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Re: The most basic File API use case

From: Peter O. Ussuri <ussuri@threetags.com>
Date: Mon, 7 Dec 2009 16:51:48 -0500
Message-ID: <65dfc9010912071351k3f8ccbdr4dc074d4e23b5e18@mail.gmail.com>
To: Robin Berjon <robin@berjon.com>
Cc: public-webapps WG <public-webapps@w3.org>
Hi Robin,

Thanks for your response!

Opera's original file system API also had encoding as part of its call that
> wrote out text — I think that's a bad idea. If you create a text file/blob,
> you probably really want all of it to use the same encoding. Allowing it to
> be specified on all calls is begging for bugs. I think that configuring a
> builder/writer with that once is safer.

Fair point - playing with encoding(s) is probably not the right place here.
We thus can have just a binary builder and leave text/strings out of the
'building' process altogether. FileWriter can be instructed later to
write/save either a blob or a string.

> I'm not adverse to appendBinaryString/appendByte but I was sort of hoping
> that a proposal for binary data in ES would stabilise quickly and that we
> could just appendBinary(binaryThingie).

> Apart from these small details I think that the primary distinction between
> our approaches stems from whether we consider it possible to keep writing to
> a file after it's been "downloaded". I think that there are use cases to
> allow that, but I equally understand if implementers see it as going
> somewhat out of the regular download situation and may get anxious about the
> implication that that might have (which it why I discuss that in my security
> section, and produced the save/close dichotomy, which I'm not sure I'm
> entirely happy about).
> The sort of usage I have in case for continuous writing is 1) load a
> document (of any kind, possibly big) for editing in your browser; 2) tweak
> it; 3) save; 4) view it in another application; 5) decide to tweak it some
> more. A more concrete example could be a browser-based POV editor using
> WebGL niftiness, and doing renders outside using the POV engine. Without
> continuous write step (3) involves the download dialog, the file picker,
> "are you sure you want to replace this file" prompt at each tweak — it's a
> usability PITA.
> I would tend to think that continuous write is not so different from
> downloading a file without Content-Length — but I'd like some feedback on
> that.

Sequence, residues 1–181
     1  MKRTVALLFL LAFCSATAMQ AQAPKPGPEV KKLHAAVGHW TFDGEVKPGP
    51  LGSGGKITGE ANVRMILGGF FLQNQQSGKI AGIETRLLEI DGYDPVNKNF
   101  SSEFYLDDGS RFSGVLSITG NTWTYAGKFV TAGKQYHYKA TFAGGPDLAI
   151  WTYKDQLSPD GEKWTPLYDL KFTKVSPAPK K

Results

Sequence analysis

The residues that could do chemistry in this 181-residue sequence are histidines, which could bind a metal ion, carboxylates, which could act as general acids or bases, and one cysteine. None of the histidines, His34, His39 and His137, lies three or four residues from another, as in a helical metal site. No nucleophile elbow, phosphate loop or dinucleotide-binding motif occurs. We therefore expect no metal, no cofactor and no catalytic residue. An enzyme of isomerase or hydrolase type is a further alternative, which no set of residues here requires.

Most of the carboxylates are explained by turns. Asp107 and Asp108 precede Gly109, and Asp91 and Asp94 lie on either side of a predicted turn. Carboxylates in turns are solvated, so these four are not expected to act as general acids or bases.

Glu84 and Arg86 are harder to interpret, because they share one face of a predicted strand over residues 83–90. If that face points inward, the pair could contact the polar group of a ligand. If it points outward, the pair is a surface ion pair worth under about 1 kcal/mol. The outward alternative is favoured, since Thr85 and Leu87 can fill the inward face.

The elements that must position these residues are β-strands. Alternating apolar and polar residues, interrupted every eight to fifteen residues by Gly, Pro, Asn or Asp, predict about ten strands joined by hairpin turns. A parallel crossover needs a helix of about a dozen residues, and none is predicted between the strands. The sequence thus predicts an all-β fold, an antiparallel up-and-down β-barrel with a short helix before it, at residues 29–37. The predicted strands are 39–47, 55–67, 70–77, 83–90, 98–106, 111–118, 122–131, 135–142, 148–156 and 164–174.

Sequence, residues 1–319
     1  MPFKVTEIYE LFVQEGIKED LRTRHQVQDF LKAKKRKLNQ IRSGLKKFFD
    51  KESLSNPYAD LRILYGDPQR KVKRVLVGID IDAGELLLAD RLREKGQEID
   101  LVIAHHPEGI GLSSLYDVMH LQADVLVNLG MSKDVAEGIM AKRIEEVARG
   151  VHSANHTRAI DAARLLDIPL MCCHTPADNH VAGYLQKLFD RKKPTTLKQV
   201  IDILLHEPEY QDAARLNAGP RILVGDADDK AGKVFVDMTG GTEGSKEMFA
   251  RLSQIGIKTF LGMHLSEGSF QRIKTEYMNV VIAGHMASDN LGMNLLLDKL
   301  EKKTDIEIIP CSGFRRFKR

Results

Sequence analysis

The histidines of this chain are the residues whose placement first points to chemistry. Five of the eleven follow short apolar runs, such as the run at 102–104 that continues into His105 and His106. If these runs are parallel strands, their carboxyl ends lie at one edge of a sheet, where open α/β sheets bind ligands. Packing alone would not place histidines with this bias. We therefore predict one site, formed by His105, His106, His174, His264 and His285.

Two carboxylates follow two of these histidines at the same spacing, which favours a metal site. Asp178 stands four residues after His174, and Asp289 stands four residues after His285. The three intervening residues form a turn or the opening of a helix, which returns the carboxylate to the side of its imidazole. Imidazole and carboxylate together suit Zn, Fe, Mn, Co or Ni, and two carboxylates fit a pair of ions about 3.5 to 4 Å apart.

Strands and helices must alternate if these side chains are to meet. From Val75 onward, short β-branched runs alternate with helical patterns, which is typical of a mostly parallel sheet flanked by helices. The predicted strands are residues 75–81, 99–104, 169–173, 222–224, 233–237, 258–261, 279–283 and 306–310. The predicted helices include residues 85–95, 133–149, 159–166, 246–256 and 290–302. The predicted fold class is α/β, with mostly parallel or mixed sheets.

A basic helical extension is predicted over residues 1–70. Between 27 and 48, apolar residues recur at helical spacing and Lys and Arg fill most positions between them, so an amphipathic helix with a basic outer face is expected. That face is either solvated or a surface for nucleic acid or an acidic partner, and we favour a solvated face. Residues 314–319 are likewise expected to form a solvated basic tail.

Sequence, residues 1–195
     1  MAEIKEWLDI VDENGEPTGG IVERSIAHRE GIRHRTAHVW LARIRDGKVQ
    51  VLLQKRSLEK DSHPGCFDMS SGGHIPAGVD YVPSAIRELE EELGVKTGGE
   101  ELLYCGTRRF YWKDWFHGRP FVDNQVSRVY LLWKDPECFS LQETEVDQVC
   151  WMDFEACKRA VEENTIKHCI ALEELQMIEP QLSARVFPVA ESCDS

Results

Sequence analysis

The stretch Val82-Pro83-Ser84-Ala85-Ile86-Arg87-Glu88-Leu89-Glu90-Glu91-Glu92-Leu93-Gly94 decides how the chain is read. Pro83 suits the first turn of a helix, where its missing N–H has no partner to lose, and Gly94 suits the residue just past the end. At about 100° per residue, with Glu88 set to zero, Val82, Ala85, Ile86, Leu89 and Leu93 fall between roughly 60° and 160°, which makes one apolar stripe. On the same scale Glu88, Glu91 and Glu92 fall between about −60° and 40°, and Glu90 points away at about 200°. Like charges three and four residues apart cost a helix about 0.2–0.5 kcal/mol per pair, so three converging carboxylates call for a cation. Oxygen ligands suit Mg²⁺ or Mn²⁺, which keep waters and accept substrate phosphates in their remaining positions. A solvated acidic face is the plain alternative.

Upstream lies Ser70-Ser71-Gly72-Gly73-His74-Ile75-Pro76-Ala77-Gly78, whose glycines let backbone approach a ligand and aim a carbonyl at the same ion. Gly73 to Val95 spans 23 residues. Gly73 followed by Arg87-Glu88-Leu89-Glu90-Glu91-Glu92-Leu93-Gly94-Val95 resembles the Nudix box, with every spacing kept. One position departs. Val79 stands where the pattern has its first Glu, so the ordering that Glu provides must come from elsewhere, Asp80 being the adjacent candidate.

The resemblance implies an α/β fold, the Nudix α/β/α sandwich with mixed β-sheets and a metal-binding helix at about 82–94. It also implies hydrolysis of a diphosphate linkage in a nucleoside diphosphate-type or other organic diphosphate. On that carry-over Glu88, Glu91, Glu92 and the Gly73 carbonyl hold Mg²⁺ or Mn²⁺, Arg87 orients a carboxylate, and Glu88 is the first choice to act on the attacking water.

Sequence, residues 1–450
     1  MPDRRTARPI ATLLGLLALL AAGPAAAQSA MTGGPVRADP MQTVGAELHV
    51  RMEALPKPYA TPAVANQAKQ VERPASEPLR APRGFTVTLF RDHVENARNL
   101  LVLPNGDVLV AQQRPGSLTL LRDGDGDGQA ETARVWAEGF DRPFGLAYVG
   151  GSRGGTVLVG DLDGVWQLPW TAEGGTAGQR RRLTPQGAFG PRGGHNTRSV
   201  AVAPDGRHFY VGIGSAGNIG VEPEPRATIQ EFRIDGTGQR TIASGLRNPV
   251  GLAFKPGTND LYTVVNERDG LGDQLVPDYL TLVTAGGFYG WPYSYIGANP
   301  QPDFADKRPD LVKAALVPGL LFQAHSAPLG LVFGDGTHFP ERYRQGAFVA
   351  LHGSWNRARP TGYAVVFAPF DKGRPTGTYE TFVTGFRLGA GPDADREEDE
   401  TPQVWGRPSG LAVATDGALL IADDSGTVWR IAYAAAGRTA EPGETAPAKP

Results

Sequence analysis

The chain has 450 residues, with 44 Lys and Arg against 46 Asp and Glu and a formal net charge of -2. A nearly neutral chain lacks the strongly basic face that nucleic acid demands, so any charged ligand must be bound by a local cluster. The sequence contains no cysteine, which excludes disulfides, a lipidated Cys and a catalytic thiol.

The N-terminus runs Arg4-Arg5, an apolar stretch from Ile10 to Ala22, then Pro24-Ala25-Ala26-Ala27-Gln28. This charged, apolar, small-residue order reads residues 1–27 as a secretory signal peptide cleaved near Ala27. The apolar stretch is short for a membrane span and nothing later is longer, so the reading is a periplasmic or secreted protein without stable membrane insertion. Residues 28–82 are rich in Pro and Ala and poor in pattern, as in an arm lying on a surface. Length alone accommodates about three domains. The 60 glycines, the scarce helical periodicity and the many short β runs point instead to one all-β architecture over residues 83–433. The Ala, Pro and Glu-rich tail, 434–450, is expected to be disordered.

> If implementers agree that continuous write is doable, I think we should
> keep it and from there my proposal to merge our proposals would be to take
> my draft, turn the BinaryWriter and TextWriter into Binary/TextBlobBuilder
> equivalents, and provide a way to tie a Blob to a downloaded file. Blobs and
> File are already linked, so essentially it could just be about adding a
> flag, or specifying your saveBlobAsFilePrompt to stay manipulatable after
> save.

The main reason I introduced the "group 0" use case was to make sure a
'minimal' API is agreed upon and implemented by browser vendors, so that
developers like myself could start using it. Thus if "a proposal for binary
data in ES" is nowhere near stability (I can't tell), I suggest a simple
binaryBuilder/blobBuilder interface is introduced to move things forward.
If, on the other hand, there is an alternative way to construct binary data,
then of course we should use it and should not create a separate
binaryBuilder just for File API. There should be alignment with FileReader,
though, and FileReader API already specifies blobs, so BlobBuilder does not
look redundant at first glance.

Regarding "continuous writing": I agree that there are use cases that would
benefit a lot from it, so the behavior should be specified and implemented
in some way down the road. However, as you point it out yourself, there are
some open issues to be clarified/resolved around it. Thus my suggestion
would be to design FileWriter in a way that would keep the continuous
writing option "on the table", but have a "write-and-done" method specified
now, so that vendors can implement it.

To summarize, my preference would be to have a very basic/simple FileWriter
API agreed upon and implemented sooner, and have a more
advanced/sophisticated API added on top of than later.

Best regards,
Peter O.
Received on Monday, 7 December 2009 21:52:22 UTC

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